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But that doesn't mean I like the Common Core standards. And here’s why…
It’s true… there’s no nationalized testing. There’s no centralized computer where all of your children’s information will be held or data mined. We don’t have a state book list mandating what our children must read. We don’t. We really don’t.
The thing is personally, I just don’t trust the government. Yeah, they didn’t have anything to do with the creation of the Math and English standards – though they did offer a nice chuck of change to any states that adopted them.
But if we give the federal government an inch, it will take a mile. If we haven’t yet learned this as a people and a nation, all hope for America may indeed be lost.
There’s not a set of nationalized standards today, but what about tomorrow?
What happens when testing is standardized across the board to match the Common Core standards? And if non-traditional students aren’t following the Common Core standards, how will their test scores be affected as a result? Will their college chances suffer subsequently?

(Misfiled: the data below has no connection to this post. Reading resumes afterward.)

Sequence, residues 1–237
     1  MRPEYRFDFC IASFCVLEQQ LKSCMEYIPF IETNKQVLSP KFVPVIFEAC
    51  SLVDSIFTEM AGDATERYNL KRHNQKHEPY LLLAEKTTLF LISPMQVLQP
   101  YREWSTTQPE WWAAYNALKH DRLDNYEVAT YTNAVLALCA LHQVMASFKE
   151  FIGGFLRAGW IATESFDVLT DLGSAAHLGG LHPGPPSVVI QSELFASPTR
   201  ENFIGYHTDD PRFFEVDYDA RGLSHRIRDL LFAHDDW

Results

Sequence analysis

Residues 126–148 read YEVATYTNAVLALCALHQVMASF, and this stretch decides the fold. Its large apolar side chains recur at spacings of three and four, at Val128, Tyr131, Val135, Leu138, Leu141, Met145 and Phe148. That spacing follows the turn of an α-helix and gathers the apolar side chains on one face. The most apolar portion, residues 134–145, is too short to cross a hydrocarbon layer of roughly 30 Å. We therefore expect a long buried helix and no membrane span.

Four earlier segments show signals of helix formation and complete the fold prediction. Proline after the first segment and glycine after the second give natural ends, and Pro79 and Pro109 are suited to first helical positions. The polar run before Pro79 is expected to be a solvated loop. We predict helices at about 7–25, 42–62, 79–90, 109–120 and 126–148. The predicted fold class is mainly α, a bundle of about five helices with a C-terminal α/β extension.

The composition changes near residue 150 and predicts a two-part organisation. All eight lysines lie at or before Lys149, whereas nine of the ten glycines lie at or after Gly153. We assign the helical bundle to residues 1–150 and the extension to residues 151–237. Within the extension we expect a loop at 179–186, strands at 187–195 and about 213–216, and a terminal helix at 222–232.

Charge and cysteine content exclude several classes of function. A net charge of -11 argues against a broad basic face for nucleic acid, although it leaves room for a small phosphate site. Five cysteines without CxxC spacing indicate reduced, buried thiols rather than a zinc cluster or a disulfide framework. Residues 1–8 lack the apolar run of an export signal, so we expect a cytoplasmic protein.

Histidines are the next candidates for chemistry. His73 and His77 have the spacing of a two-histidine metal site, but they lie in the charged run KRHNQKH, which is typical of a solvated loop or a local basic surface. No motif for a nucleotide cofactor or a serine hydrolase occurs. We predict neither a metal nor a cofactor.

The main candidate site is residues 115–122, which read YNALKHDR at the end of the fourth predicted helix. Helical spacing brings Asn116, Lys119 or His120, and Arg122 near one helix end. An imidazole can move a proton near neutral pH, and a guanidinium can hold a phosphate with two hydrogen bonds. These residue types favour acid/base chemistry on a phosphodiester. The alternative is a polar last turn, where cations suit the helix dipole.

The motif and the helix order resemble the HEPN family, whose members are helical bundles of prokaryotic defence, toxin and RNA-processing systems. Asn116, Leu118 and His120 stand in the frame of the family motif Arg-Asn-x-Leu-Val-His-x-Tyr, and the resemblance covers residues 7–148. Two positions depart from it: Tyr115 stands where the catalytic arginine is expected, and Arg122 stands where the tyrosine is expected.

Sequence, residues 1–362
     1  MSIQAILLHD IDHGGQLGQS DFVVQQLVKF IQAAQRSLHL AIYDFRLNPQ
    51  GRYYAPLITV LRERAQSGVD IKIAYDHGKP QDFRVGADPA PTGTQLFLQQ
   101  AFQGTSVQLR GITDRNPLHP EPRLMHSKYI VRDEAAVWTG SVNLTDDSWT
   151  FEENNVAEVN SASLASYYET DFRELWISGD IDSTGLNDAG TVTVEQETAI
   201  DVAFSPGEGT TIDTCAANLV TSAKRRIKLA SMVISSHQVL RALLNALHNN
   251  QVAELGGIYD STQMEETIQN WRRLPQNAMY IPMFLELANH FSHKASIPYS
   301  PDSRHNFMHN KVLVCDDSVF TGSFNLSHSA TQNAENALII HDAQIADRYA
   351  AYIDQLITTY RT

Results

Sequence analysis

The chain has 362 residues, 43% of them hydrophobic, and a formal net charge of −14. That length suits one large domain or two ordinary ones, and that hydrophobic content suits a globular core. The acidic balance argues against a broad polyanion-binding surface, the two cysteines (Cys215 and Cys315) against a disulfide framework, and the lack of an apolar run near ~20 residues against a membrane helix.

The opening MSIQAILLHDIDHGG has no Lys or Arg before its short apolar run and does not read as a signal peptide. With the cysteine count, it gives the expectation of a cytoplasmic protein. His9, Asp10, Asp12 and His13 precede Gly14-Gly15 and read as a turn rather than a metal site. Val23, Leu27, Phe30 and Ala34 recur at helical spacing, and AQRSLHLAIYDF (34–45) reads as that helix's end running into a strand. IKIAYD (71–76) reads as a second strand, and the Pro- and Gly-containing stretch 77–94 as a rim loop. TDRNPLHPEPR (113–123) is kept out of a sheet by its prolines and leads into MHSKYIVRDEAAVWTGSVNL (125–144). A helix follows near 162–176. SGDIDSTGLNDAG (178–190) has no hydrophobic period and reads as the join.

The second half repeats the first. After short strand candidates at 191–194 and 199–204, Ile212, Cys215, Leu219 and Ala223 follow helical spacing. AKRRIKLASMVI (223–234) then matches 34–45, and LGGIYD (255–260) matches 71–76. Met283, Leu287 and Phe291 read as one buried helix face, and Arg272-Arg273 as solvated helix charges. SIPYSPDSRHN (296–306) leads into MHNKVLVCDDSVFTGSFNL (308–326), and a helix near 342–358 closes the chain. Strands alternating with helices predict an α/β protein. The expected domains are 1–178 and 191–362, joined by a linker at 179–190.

What happens when suddenly states have all their students' info computerized? Are you REALLY going to sit there and tell me the federal government isn’t going to try to obtain that data?
What happens when students in one state aren’t measuring up on the Common Core testing scores of another state? Will there be calls for nationalized curriculum?
What happens when, in states like Pennsylvania, we like the Math and English standards, but our Dept. of Ed. doesn’t want to implement the Science, History, or Social Studies standards? Won't we be tempted to adopt them down the road if the Feds offer more money?
What happens in states that are already over-budget and under-water when it comes to the financial side of implementation? We know standardized testing WILL be changing to computerized versions. Is that really going to cost us $0 as taxpayers? Really? A government program that costs nothing? C'mon...